• The unemployment rate has been revised up modestly but this shouldn’t be regarded as pointing to materially weaker conditions.

  • For Q3 2017 the revision takes unemployment to 6.7% from 6.4%. Historic revisions are slightly larger with the peak change being a rise of 0.8 percentage points to several quarters around the trough of the economic cycle in 2011/12.
  • In circumstances where the Irish economy and jobs market are going through a strong period, it may seem surprising that unemployment is being revised up even if relatively modestly. This may be explained by the fact that revisions relate disproportionately to younger age groups (The Census revealed a larger number of younger people in the country and the changed survey methodology reduces the non-response rate which was typically larger for younger age groups).
  • These revisions suggest the potential growth capacity of the Irish economy may be marginally greater than previously thought.  In a broader context, to avoid the risk of hysteris and possibly permanent exclusion from employment  for some in these younger age groups, today’s data also argue for more targeted initiatives in this area.  
  • The broad picture remains one of a strong recovery in jobs after a collapse in employment during the crisis.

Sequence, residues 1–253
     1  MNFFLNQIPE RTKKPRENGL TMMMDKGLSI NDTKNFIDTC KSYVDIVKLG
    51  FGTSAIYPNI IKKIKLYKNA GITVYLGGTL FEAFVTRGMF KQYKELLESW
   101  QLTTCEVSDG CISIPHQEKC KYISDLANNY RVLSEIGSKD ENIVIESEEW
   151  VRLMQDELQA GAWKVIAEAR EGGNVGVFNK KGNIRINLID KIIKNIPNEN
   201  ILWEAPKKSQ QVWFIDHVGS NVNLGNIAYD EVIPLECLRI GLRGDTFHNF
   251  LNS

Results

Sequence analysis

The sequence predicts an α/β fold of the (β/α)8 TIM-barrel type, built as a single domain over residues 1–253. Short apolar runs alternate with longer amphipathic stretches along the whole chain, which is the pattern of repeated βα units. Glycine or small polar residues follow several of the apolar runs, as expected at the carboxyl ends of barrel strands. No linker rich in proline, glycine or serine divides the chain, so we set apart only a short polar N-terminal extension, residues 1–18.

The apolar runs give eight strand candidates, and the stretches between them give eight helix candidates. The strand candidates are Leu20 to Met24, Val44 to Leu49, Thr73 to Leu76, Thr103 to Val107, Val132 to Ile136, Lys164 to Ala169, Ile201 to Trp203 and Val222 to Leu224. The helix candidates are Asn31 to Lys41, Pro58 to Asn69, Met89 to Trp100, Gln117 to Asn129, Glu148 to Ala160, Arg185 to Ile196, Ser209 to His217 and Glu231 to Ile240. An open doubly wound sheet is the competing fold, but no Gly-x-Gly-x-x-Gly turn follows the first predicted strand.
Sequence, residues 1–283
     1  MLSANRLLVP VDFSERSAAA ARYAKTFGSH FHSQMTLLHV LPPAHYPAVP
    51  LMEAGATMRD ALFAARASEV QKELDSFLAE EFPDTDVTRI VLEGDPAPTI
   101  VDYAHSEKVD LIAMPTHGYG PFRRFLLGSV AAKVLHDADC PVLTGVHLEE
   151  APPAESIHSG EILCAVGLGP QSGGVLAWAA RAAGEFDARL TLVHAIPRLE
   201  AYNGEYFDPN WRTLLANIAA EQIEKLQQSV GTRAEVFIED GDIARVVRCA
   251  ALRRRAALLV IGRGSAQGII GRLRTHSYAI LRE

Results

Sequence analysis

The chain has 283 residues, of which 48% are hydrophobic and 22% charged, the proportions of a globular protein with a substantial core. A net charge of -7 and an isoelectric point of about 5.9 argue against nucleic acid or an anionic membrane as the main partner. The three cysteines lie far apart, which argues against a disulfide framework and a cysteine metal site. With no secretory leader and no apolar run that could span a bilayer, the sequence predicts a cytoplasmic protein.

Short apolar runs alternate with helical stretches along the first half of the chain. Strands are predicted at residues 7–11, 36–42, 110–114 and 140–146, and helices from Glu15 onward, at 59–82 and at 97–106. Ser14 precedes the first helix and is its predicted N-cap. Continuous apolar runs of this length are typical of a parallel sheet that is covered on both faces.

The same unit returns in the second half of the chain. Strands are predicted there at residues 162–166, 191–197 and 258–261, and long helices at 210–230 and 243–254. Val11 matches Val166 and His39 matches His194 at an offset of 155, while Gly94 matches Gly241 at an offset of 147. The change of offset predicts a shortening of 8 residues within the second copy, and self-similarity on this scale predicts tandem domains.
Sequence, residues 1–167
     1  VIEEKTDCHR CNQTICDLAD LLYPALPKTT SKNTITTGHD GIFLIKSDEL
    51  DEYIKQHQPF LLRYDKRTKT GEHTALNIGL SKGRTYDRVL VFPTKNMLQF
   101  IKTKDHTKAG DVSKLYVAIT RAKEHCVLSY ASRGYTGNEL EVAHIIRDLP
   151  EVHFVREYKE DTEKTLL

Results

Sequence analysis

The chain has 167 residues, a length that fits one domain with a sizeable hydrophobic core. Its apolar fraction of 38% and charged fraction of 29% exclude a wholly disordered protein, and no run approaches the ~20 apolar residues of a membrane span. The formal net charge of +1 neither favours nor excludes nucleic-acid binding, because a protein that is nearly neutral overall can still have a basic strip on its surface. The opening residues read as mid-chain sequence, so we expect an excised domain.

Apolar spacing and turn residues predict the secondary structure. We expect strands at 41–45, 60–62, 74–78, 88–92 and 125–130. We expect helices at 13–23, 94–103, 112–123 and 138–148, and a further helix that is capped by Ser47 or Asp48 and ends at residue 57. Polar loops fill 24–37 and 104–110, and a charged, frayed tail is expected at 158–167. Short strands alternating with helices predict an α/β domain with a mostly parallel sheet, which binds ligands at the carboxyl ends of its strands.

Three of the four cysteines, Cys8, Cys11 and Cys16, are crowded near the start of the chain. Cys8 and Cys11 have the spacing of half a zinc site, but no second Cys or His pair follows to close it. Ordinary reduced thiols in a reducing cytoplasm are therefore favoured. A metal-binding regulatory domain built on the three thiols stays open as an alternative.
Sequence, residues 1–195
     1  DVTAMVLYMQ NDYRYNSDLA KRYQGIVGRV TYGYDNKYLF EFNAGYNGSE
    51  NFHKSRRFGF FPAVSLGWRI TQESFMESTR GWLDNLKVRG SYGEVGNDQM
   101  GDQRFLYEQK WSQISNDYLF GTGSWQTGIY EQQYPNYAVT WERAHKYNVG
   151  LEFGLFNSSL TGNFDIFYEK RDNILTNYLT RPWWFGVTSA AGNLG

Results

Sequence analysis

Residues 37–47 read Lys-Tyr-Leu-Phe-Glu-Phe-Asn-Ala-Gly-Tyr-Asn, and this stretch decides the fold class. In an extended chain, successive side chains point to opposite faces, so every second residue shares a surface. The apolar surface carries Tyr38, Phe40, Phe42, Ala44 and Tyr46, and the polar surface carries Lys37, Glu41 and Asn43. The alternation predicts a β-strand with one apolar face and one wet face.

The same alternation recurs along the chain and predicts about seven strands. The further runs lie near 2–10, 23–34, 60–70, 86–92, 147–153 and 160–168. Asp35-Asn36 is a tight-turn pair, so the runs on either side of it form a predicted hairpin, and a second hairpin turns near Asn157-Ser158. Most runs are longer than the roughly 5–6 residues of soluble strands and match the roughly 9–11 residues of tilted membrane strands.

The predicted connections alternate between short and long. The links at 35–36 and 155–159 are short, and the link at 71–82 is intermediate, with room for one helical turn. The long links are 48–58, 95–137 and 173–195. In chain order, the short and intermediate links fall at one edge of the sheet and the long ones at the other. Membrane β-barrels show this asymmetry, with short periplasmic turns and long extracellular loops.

• Today’s data show employment fell by 363k between the pre-crisis peak of 2.237mn of Q42007 and the crisis trough of 1.876mio recorded in Q3 2012 ( a somewhat larger drop than the 327k previously reported). Since then, numbers at work have risen to 2.192mn in Q3 2017. As noted above, this is about 120k higher than previously indicated.
  • Today’s data show numbers at work in Ireland are some 2% below the Q4 2007 peak. This represents a remarkable recovery. However, as diagram 2 indicates, numbers at work in the Euro area and US are both around are both some 5% higher than ten years ago whereas UK employment is some 8% higher. This implies that if Ireland had followed a less volatile economic path, number at work here could be between 150k and 220k higher.
  • Even, if we allow for the possibility that the construction boom had moved Ireland beyond any proper measure of full employment in 2007 and look at the path of Irish employment excluding building jobs, an alternative path mirroring that of our economic neighbours would have left Irish employment some 60-100k higher now than is actually the case. This comparison both emphasises the importance of a stable economic course and, together with the slightly higher unemployment rate in today’s data, also hints at scope for relatively strong growth in activity and employment to persist in coming years.

  • This non-exhaustive information is based on short-term forecasts for expected developments in the economy and financial markets. KBC Bank cannot guarantee that these forecasts will materialize and cannot be held liable in any way for direct or consequential loss arising from any use of this document or its content. The document is not intended as personalised investment advice and does not constitute a recommendation to buy, sell or hold investments described herein. Although information has been obtained from and is based upon sources KBC believes to be reliable, KBC does not guarantee the accuracy of this information, which may be incomplete or condensed. All opinions and estimates constitute a judgment as of the date of the report and are subject to change without notice.